Gael García Bernal in Chile’s No.
The Academy of Motion Pictures released its short list for the Best Foreign Language Film Oscar on Friday. In alphabetical order by country, here it is:
Canada, War Witch
Denmark, A Royal Affair
France, The Intouchables
Iceland, The Deep
Romania, Beyond the Hills
3. Euro Trip
Death from Ingmar Bergman’s The Seventh Seal, winner of 1957’s Foreign Language Film category.
Europe is well represented on this year’s short list, as it has been since the category was introduced in 1956. Over the past 20 years, the field has expanded somewhat with countries like Iran, Kazakhstan, Macedonia, Nepal, Peru, and Vietnam receiving their first nominations, and former powerhouses like Italy falling off in a big way (the latter was nominated 15 out of the first 20 years of the award, but has been nominated only four times in the last 20 years). But although the range of source countries has broadened, the category remains largely Europe’s game — winning films have been from Europe for 14 of the last 20 years. And for all the ballyhooing about the rise of world cinema, that ratio has only marginally improved in the last decade — six of the ten most recent winners were from outside of Europe.
5. Wealth of Nations
Rachel Mwanza in Canada’s War Witch.
When it deigns to recognize the world outside of Europe, Oscar likes to spread the wealth around. In the past 20 years, only two non-European countries (China and Israel) have received four nominations, and only two others (Argentina and Algeria) have received three. Japan, India, Peru, Mexico, and 11 others have had to make do with just one or two.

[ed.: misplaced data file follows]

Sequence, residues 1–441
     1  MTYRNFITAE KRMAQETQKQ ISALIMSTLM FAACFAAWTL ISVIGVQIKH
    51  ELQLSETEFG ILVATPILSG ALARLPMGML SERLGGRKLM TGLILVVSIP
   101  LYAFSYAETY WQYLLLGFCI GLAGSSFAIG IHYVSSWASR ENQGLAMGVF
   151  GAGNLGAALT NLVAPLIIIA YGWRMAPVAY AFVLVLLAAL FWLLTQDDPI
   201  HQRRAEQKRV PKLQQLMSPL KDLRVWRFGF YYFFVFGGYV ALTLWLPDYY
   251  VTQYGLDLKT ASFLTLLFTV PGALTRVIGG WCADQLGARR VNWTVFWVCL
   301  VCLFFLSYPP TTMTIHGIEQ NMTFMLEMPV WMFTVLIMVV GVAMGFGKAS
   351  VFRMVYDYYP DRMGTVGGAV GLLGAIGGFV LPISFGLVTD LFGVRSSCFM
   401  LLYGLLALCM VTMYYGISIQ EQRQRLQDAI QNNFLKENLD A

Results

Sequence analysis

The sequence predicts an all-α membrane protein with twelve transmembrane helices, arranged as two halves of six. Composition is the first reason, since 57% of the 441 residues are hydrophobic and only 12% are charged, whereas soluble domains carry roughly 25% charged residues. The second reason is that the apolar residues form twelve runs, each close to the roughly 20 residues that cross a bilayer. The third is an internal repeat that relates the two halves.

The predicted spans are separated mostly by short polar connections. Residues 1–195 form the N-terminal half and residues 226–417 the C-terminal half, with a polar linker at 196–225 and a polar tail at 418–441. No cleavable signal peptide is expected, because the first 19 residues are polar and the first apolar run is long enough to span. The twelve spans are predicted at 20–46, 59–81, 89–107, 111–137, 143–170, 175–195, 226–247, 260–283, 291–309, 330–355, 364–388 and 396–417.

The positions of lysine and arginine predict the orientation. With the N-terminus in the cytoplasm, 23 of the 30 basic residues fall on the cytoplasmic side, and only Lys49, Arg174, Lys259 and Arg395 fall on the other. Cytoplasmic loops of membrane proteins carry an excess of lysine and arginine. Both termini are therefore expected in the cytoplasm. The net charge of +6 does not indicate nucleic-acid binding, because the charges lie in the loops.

As a whole, Asian nations have received a total of 10 nominations, Central and South American countries have gotten nine nods total, three nominations have gone to African nations, and films from the Middle East have been recognized five times. In the same period, France alone has received nine nominations, and Germany eight.
7. Oscar’s BFFs
François Cluzet and Omar Sy in France’s The Intouchables
Here are the Academy’s 10 favorite foreigners since the category debuted 56 years ago:
Italy: 10 wins, 27 nominations
France: 9 wins, 36 nominations
Spain: 3 wins, 19 nominations
Germany: 3 wins, 18 nominations
Sweden: 3 wins, 14 nominations
Czech Republic/Czechoslovakia: 3 wins, 9 nominations
Soviet Union: 3 wins, 9 nominations
Denmark: 3 wins, 8 nominations
Netherlands: 2 wins, 7 nominations
Switzerland: 2 wins, 5 nominations
9. Swiss Miss
Switzerland’s Sister, directed by Ursula Meier.
If history is any example, among this year’s short list contenders, Switzerland has the best chance of winning. Of the films up this year:
Switzerland has won 2 in 5 times it has been nominated (40% of the time)
Denmark has won 3 in 8 times it has been nominated (37.5% of the time)
Austria has won 1 in 3 times it has been nominated (33% of the time)
France has won 9 in 36 times it has been nominated (25% of the time)
Canada has won 1 in 6 times it has been nominated (16% of the time)
This year would mark the first nominations for Chile and Romania, but that doesn’t mean the odds are against them — Czechoslovakia, the Soviet Union, Algeria, Ivory Coast, and Bosnia & Herzegovina all won the first time they were nominated. Eleven percent of winning films have been first-time nominees.
Iceland is 0 for 1 at the Academy Awards — but at least that’s better than poor Norway, which is Oscar’s biggest loser, having won 0 in 4.
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